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London:
SOLD BY SIMPKIN AND MARSHALL, STATIONERS'

COURT; MASON, 14, CITY ROAD; ALSO BY
J. TOWNE, MELTON MOWBRAY; AND

ALL
BOOKSELLERS,

1831.

ENTERED AT STATIONERS' HALL.

PREFACE,

THE Editor of this little work beseeches for his performance the candour and indulgence of the christian public. Its pretensions to literary merit, he is aware, are of a very humble character, and that blemishes will meet the

eye

of the critic, which neither his leisure nor his materials, allowed him to remove. He wis hes that it should be tested, rather by its religious tendency, than by the rules of taste.

His object is not to procure fame for himself, but to rescue from the shades of oblivion, an image of departed virtue; to perpetuate in the earth the moral existence of one, whose piety and general excellence of character, procured for her while living, the affection and esteem of her numerous acquaintance, who embalm her memory with their lasting regrets.

Gifted with no extraordinary powers of intellect, and destined by Providence to move in a narrow and humble sphere of action, her history exhibits much of what may called the monotony of human life, and would be unwor. thy of notice, except for the admirable piety and truly sainted excellence it portrays. These attributes of the work the Compiler hopes, will, in the judgment of the pious, amply compensate for any defects observable in its style, or in the character of its thoughts ; notwithstanding which, he flatters himself the Memoir will be found to contain a vein of good sense and judicious observation, highly creditable to the understanding, as well as to the heart of the deceased.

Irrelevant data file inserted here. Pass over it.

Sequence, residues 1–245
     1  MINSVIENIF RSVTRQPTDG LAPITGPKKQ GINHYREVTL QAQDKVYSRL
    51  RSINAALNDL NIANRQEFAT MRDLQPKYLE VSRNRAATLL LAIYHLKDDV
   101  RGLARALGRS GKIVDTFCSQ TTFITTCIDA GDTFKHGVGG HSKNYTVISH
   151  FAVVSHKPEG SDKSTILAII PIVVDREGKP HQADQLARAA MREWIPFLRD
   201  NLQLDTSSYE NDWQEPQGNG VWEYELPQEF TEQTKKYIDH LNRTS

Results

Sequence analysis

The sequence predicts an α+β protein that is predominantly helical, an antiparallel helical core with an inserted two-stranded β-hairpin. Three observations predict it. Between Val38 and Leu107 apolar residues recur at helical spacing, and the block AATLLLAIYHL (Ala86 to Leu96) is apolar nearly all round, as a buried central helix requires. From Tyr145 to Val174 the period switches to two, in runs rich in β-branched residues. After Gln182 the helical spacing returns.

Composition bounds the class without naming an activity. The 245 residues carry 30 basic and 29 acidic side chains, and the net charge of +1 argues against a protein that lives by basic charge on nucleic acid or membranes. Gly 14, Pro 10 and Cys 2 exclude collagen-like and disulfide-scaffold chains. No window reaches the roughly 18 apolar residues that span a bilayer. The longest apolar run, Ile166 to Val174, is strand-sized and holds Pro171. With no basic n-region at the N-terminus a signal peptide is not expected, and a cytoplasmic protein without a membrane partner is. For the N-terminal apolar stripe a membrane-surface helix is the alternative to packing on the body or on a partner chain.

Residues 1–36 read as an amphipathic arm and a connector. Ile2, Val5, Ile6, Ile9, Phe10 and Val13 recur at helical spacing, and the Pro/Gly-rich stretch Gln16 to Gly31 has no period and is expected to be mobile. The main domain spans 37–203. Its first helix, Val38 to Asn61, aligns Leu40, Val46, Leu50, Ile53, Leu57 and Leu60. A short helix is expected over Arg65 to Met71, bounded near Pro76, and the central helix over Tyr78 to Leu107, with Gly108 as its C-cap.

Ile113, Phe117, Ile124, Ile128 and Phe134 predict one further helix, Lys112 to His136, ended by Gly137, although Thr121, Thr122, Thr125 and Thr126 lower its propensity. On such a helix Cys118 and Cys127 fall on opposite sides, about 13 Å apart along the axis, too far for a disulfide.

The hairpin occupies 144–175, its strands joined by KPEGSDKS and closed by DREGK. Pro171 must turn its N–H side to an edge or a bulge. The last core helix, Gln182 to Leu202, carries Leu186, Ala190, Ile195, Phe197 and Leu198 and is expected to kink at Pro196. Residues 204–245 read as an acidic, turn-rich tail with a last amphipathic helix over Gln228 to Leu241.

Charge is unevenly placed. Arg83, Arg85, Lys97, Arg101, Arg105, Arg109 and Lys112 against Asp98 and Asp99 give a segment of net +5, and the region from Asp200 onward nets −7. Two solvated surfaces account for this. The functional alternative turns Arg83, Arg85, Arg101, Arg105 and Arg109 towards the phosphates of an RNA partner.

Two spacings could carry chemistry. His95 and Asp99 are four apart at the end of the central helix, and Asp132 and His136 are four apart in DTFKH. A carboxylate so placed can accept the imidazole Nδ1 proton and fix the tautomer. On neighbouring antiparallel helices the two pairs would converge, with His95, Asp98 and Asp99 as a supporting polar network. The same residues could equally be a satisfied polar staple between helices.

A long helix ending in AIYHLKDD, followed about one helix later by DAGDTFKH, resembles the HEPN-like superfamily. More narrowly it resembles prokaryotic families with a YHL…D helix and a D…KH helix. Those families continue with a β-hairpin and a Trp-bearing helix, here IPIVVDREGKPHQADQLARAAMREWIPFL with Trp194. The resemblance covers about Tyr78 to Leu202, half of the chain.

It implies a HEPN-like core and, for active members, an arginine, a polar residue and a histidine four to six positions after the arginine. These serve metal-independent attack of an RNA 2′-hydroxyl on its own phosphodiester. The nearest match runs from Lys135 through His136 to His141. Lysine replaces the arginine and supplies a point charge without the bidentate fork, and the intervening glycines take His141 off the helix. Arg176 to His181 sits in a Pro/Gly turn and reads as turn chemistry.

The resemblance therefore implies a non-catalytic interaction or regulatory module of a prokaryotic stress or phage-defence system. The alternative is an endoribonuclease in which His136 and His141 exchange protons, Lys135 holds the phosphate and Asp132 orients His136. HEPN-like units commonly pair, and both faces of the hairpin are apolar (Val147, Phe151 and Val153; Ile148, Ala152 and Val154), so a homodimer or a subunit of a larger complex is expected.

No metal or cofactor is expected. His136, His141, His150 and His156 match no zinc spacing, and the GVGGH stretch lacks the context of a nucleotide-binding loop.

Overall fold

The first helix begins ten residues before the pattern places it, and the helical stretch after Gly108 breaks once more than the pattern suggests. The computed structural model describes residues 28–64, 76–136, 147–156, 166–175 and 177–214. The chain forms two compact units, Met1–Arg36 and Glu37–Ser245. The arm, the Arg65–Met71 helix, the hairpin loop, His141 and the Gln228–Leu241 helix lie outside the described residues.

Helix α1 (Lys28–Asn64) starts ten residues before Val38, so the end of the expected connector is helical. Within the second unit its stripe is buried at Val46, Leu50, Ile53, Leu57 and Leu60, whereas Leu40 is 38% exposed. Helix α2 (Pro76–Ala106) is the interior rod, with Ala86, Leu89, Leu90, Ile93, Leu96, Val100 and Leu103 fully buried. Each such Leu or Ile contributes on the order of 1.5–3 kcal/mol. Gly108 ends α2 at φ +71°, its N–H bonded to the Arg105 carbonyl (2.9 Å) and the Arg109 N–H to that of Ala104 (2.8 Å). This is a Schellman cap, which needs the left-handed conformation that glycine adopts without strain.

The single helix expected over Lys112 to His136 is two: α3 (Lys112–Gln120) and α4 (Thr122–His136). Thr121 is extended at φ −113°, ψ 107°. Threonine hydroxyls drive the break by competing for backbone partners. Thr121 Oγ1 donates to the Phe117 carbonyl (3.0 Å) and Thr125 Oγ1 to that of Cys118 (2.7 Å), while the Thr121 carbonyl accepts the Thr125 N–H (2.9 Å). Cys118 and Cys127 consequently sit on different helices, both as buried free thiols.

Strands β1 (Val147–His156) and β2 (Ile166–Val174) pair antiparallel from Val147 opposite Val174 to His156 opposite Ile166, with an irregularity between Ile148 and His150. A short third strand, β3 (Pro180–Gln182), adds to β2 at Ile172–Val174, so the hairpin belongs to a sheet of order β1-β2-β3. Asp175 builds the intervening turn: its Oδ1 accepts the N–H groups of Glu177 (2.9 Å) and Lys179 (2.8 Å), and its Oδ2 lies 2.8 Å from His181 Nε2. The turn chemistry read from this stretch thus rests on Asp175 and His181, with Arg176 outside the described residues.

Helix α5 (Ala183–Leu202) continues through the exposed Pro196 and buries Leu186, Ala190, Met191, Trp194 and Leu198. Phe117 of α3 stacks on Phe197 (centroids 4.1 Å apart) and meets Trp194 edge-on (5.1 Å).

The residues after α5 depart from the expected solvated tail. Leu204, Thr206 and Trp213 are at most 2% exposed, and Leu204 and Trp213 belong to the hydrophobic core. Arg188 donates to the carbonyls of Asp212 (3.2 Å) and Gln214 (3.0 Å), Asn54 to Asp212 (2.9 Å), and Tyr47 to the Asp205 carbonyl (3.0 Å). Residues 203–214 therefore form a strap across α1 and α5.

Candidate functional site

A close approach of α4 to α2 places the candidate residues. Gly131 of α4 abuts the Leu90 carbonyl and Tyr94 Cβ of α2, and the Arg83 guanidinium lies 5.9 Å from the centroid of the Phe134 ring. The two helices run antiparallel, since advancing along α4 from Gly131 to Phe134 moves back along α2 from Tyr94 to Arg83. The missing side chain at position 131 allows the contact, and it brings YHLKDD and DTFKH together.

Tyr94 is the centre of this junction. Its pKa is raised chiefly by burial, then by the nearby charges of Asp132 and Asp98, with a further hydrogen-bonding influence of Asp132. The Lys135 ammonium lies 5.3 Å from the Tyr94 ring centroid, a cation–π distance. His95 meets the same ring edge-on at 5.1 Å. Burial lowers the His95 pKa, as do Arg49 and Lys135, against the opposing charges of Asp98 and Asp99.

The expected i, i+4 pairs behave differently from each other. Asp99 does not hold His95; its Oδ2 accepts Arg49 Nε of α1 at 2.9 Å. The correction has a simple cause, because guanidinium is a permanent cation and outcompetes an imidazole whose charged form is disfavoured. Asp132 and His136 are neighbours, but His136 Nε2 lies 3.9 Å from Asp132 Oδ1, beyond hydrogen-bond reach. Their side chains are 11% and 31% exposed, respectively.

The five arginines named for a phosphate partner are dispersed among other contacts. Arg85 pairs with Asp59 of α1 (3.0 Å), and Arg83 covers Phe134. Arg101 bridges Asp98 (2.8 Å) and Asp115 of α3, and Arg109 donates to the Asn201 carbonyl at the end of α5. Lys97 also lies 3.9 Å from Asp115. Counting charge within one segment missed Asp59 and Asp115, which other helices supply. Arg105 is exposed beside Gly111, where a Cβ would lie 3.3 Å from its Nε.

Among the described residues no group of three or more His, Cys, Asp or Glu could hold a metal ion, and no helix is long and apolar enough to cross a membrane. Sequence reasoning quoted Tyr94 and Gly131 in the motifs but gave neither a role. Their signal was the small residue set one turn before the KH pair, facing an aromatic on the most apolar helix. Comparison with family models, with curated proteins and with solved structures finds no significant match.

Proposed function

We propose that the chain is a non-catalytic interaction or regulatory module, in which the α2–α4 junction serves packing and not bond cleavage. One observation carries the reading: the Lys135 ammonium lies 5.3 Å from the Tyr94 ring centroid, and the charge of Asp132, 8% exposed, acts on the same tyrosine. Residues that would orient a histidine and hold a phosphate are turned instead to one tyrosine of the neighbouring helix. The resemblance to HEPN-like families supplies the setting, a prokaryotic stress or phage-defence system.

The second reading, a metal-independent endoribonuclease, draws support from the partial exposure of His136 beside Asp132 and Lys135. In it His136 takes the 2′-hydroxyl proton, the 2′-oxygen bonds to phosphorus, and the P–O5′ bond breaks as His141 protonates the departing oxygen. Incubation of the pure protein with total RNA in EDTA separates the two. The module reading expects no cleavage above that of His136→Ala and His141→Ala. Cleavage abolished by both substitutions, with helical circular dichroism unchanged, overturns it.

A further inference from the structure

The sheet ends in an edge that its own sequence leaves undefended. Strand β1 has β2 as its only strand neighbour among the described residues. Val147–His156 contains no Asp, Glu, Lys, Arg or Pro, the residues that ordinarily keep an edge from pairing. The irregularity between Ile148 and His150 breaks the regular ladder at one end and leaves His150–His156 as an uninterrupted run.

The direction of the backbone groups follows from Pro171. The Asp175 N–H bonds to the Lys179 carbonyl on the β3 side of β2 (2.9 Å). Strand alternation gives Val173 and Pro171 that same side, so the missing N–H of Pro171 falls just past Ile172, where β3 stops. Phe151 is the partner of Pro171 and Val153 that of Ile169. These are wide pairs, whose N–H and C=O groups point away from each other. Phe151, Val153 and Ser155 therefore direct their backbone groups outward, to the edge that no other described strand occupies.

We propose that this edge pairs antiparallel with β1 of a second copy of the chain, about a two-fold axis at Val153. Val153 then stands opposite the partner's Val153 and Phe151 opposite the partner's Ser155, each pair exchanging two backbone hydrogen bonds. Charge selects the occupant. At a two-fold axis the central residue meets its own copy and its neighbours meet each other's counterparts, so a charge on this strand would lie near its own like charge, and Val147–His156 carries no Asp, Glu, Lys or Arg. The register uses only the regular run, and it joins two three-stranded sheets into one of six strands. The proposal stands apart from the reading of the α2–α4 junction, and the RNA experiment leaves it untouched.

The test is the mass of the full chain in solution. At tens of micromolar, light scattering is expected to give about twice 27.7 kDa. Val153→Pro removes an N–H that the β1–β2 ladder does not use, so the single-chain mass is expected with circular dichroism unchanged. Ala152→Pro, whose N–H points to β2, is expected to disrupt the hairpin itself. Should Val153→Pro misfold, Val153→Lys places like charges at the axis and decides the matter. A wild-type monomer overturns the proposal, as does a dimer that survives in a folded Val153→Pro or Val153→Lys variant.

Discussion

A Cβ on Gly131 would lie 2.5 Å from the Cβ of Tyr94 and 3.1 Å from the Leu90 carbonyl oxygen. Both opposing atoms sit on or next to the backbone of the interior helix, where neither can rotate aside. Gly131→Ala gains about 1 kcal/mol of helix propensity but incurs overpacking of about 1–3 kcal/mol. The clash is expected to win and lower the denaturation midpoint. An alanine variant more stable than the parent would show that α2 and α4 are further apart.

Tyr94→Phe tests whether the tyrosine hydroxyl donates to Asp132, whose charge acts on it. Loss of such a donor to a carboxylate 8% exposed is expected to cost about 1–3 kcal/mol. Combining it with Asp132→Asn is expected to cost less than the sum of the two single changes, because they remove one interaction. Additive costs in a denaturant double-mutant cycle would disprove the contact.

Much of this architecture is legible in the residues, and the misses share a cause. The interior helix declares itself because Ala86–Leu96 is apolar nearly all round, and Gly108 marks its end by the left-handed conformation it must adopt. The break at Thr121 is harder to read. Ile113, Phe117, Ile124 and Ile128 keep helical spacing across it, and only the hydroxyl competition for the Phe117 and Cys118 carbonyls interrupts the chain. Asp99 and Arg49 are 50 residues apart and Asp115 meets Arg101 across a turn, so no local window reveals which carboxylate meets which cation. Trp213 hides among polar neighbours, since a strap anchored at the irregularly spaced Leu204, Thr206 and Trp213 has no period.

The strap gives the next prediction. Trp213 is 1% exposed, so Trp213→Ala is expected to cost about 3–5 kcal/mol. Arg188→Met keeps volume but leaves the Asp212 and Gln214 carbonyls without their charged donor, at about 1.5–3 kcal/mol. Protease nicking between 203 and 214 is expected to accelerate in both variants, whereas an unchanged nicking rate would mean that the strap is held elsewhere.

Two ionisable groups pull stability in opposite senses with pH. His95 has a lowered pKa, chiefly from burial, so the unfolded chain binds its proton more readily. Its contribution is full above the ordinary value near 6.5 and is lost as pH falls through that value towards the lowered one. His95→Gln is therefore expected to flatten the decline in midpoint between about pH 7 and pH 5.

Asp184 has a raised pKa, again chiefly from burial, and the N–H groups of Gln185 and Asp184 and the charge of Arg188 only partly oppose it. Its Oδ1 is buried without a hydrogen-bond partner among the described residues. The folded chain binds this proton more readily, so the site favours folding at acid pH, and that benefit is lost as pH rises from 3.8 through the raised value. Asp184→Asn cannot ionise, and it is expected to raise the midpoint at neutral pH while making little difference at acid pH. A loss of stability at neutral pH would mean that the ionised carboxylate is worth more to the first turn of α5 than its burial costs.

An apology is due to the public, for the late appearance of the work, from which it will be seen that six years have elapsed since the subject of it left the world. Circumstances which

it is not necessary to name, and which if known, would little interest the reader, occasioned this delay. Indeed the design of publishing a Memoir of the deceased, was more than once abandoned, but resumed in consequence of the urgent solicitations of her friends, who considered it not only a tribute due to her memory, but a debt owing to survivors, who have often listened with more solemnity to the voice issuing from the tomb, than to the accents of living monitors.

Of the utility of Biography in general, the Editor deems it superfluous to treat; he would only observe, that we are furnished with a precedent, of high and indisputable authority, in the sacred volume, chiefly composed, as it is, of biographical sketches of eminent saints, whose virtues have adorned human nature, and

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